I still remember my First Big Disappointment. While I'm sure there had been others—smaller things—before this disappointment, nothing stands out quite like not making the school play when I was in seventh grade.
I suppose it was because it was the first thing I'd wanted—rather badly—that I'd worked hard at, practiced for, tried out for, but been cut from. It was the first time I'd been told, essentially, "You are not good enough."
Or at least that's how I read that typed-white sheet, with lists of names that were not mine—hanging there on the bulletin board for all my junior high to see.
I remember the moments that followed so clearly: me, faking a headache, heading to the school office, asking to call my mom. I remember getting home, telling my mom the news, climbing on to her lap and just crying. Crying and crying. She rocked me—probably for the first time in years (I was 12!)—and just let me cry. She probably told me it'd be okay or offered some soothing words. But all I remember is her holding me while I cried.
Then, when my crying turned into sporadic sniffles, when I was ready to talk a bit, she told me it was okay that it hurt right now. But maybe someday—maybe—it'd all make sense. But even if it didn't, she told me I'd have to make a decision: to either stay bitter and angry at the friends who did make the play or to cheer them on anyway—even if it hurt a bit.
Then she prayed with me.
I can't think of anything better my mom could've said or done for me in those moments.
Nearly 30 years later, for the life of me, I cannot remember why I didn't apply her wisdom and comfort to the many other big disappointments of my life (I suppose I just got too cool for my mom's lap and it was all downhill from there). That said, as I've raised my own kids, that day, that memory, has served as a model for how I teach my kids to deal with disappointment. The things my mom offered me that day have helped my kids weather their own storms of their young lives and helped them see the choices we all have in the midst of disappointment. These four things can help you too:
1. Let Them Cry. I must admit, this one is the hardest for me. And probably for a lot of us. We sort of want to put a time limit on the tears, don't we? In fairness, we want to see our kids stop crying because we think it means that they are "all better" when they stop. While this might be true with scraped knees, with something like disappointment, it's not so. As difficult as it can be to have a crying or whining or moping child around the house, giving your kids permission to sink down into their grief is a huge gift.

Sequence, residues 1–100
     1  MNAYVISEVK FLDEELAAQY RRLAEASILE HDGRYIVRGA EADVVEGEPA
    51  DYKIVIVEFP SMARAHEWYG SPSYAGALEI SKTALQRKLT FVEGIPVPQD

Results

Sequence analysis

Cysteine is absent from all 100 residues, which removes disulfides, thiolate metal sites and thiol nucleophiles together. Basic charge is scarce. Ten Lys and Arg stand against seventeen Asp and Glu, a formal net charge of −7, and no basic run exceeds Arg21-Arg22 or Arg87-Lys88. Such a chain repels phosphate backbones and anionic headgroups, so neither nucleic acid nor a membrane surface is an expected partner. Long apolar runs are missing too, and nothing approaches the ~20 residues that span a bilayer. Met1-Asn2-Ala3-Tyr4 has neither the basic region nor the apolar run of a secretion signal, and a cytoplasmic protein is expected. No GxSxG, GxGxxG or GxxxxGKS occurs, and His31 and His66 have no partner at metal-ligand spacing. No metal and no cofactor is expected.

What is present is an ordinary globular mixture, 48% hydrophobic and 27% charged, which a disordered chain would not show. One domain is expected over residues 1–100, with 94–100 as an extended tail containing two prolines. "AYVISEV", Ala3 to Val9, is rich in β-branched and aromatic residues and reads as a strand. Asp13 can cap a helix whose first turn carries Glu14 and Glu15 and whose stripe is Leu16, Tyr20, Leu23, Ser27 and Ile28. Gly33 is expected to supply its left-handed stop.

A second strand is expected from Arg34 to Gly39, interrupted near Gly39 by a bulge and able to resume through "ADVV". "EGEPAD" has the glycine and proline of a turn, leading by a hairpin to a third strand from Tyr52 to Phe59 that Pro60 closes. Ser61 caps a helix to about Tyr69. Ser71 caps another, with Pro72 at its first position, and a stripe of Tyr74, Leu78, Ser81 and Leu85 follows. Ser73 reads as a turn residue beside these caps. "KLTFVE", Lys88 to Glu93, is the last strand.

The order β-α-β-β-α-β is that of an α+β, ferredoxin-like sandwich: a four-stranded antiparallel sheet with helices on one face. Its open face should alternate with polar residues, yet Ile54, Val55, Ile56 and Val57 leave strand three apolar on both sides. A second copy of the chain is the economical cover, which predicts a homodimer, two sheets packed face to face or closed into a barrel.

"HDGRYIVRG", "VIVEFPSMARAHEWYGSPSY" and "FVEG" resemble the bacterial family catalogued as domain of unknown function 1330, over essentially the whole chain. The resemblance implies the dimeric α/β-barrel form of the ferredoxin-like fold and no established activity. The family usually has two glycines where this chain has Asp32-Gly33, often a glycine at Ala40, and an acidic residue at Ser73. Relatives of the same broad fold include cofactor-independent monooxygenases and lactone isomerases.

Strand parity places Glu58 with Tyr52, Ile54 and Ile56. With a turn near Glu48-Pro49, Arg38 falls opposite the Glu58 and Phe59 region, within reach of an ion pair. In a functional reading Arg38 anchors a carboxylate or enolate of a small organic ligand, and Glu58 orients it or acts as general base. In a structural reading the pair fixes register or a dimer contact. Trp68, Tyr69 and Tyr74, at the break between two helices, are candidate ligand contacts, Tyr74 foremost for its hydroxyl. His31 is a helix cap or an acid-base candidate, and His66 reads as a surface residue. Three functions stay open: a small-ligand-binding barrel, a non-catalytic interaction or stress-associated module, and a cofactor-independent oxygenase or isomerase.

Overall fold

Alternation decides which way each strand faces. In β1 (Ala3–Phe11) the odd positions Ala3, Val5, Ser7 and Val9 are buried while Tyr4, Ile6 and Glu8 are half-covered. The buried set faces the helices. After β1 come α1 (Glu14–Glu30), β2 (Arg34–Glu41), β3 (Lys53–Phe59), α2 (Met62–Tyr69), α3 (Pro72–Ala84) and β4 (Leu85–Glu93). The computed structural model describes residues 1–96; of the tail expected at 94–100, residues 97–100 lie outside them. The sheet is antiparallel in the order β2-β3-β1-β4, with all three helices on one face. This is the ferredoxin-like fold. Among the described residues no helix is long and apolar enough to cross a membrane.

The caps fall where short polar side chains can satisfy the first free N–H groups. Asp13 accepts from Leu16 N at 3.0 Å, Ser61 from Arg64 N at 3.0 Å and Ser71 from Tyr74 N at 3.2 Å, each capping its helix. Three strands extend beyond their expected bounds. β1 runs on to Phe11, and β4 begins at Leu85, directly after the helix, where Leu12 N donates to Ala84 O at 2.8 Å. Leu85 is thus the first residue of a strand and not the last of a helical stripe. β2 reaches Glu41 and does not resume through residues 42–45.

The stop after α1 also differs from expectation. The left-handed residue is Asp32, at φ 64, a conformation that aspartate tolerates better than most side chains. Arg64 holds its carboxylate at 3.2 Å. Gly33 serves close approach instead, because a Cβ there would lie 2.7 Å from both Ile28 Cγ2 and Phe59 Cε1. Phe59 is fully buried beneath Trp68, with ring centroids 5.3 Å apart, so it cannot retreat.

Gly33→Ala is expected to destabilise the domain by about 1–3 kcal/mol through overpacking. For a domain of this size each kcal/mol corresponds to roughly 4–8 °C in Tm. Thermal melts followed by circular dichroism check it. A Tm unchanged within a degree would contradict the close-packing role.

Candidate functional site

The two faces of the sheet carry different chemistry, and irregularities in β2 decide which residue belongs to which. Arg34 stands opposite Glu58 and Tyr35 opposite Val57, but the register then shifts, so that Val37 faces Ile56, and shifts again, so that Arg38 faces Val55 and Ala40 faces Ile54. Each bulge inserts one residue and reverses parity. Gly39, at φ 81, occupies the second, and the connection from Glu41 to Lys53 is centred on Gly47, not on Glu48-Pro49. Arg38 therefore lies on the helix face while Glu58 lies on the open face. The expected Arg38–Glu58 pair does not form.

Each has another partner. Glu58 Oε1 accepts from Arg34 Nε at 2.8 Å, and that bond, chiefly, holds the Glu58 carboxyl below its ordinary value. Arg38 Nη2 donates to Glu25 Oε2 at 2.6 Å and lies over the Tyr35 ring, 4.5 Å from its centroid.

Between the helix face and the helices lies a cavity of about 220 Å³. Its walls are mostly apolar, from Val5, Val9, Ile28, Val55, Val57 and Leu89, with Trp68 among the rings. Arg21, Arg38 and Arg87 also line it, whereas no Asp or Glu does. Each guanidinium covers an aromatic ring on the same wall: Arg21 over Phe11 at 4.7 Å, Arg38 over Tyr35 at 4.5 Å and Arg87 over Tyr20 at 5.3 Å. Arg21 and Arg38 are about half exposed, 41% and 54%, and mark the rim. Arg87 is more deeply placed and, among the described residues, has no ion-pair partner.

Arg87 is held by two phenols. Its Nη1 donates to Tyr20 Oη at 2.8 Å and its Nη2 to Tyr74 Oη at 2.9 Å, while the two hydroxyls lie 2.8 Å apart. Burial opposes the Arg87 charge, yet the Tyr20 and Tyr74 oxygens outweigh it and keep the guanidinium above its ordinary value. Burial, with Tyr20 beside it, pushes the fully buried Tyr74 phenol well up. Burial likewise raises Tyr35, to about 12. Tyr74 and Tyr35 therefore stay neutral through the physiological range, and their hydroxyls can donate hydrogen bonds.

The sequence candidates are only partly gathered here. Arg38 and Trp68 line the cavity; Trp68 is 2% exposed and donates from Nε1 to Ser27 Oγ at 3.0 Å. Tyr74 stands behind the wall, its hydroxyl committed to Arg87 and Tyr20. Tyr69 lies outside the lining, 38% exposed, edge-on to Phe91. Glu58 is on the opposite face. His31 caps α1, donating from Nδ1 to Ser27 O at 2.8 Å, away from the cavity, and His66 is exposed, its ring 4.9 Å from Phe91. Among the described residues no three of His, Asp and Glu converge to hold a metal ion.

For some kids (and adults!) the gift is made even sweeter when it comes with a willingness to sit with them, hug them, or simply pass a tissue. For others, the gift is best served with some solitude and space to grieve. Maybe permission to skip family dinner for some time to be alone.
No matter how your child cries or best grieves disappointment—as long as it's not destructive or harmful, of course—let them do it. Guilt- and shame-free.
2. Let Them Know It Might Not Make Sense. The Christian knee-jerk to many disappointments in life is to offer up the "this is God's plan" card. And while something very well may be God's plan, those words are rarely comforting to someone who's hurting acutely. Instead of trying to point out all the "good parts" of a disappointment, tell your child he or she may not understand what's going on. That it doesn't make sense to you either. That you wish it were different.
Of course, telling them that one day they may understand can help. But our tendency to push people out of their pain is often detrimental. Chances are, one day your child will understand—even appreciate—hard but disappointing decisions. (Goodness knows today it's crystal clear to me why I didn't make that play!) But often the best thing we can do is simply learn how to deal with our disappointment, learn from it what we can, and carry on.
3. Let Them Know They Have a Choice. Left to my own devices, I'll often choose bitterness and resentment. It just feels good, does it not? At least in the short term. Many kids are no different. When faced with hurt or disappointment, it's human nature to want to retaliate against those who hurt us or those who are enjoying what we wanted but cannot have.
When my mom reminded me that I had a choice in how I was going to respond to my disappointment, she didn't threaten to punish me if I made the "wrong" choice. She just let me know what the consequences of each would be. That I could—essentially—either be a good friend or lose some good friends.
She taught me that the way I acted out of grief and disappointment could have lasting effects. And that my response could either help me (even when it hurt) or hurt me (even when it felt good—at least in that short term).
4. Let Them Hear You Pray. When my mom prayed for me that day, she asked simply that God would be with me. And that I would feel his presence. She didn't ask for a reversal of the decision or that I would suddenly find something "better" than the school play. She simply asked that God be near. And he was.
Our kids need to learn that God is with us in everything. In the pain. In the trenches. In the disappointments. In our grief. And—of course—in our joys and successes too.
Learning that God was with me in those moments eventually helped me learn to see him, feel him, sense him in those times. And to begin to look and see what he would do with my disappointments.
Caryn Rivadeneira is a freelance writer and the author of Grumble Hallelujah: Learning to Love Your Life Even When It Lets You Down (Tyndale).